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Published on: 21/01/2014

The Mobile Phones for Water (M4W) system was introduced to enhance functionality of rural water facilities through timely reporting and repair of faulty sources.The success of the system starts with the water users who report faults by sending a text message to the their area mechanic. But users are yet to realise their key role.

Since its inception in 2011, the Mobile Phones for Water (M4W) initiative has been tested in eight districts and results show that indeed the system has the potential to improve the functionality of rural water facilities in Uganda.

The M4W system enables water users to report a fault at their sources by sending a text message using their mobile phones.  The reporting of a faulty water source through text messaging is supposed to trigger a series of actions starting with assessment of the magnitude of the fault by a Hand Pump Mechanic (HPM); advice to the water users and water user committees or the District Water Office (DWO), which then should result into the repair of the water system, hence reducing downtime and ensuring continuous enjoyment of water services (improved functionality).

It emerged that water users don't know yet how to use the M4W system... It will all come to naught if users can't report cases.

The success of M4W largely depends on all stakeholders taking appropriate action at the right time. The Hand Pump Mechanics (HPM), the Community Development Officer (CDO), the Health Assistant (HA) the District Water Officer (DWO), the System Administrator all have their roles to play to ensure that the M4W system functions smoothly. The HPMs respond to messages, conduct assessment of faults and repair sources. The CDOs remains aware of all faults reported and should remind the HPMs of the water systems that require fixing, as well as do monitoring to find out if the reported problems have been fixed. The DWOs regularly monitor the M4W system to ensure it is functioning and also use M4W data for reporting and planning purposes. But the whole process starts with the local water users' group or local managers taking responsibility to report faults as soon as they identify them.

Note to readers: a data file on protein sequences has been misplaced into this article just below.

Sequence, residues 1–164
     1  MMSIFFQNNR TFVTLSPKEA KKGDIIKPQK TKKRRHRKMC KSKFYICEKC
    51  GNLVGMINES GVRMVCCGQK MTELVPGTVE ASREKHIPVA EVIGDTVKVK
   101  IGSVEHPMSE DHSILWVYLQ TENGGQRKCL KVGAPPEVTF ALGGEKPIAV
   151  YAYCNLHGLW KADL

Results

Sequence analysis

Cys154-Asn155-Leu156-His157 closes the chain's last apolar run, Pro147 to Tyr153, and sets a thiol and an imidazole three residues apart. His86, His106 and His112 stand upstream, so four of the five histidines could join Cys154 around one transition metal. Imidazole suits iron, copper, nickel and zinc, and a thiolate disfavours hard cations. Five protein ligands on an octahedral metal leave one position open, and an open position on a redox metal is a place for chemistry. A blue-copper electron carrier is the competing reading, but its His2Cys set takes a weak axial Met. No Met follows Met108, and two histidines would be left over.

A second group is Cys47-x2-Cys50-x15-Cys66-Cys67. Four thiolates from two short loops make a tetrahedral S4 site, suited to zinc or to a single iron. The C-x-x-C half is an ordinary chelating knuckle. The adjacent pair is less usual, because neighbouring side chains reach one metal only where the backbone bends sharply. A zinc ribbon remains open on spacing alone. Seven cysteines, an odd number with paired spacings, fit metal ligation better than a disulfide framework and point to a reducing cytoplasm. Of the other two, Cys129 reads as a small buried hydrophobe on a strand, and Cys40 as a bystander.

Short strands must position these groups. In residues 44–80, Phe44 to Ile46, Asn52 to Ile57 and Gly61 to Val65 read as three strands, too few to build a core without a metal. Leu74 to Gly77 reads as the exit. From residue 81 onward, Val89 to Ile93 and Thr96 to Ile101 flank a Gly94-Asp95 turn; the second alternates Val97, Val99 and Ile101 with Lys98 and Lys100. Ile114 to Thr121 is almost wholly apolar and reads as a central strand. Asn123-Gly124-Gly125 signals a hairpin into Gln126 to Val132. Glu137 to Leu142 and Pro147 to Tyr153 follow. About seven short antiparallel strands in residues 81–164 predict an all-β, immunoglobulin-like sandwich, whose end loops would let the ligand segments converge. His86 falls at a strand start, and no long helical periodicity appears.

In November 2013, Tripe-S undertook to retrain HPMs, CDOs, DWOs and HAs on use of the M4W system. Numerous issues emerged as deterrent factors to the effectiveness of the system. Most of them were to do with the functioning of the mobile phones, internet access on the phones. Others were concerning the mapping of water systems and improper identification of water points.  

But it also emerged that water users don’t know yet how to use the M4W system. While steps are already being taken to address the key challenges, it will all come to naught if users can’t report cases.

Triple-S and other stakeholders have initiated the process of securing a toll-free line... to enable the water users to report faults at no cost.

In some situations it was reported that rather than send text messages, some users had resorted to calling the HPMs directly through their phones. That may be alright but then it contradicts the set up of M4W system which is based on text messaging and whose other initial intention was to be able to capture downtime in the data base . In fact it is more expensive to make a call than to send a text message. Moreover, when a user calls the HPM instead of sending a text message to the system, there is a likelihood that only the two of them will know about the fault, instead of the whole chain of actors which then would compromise the follow up process.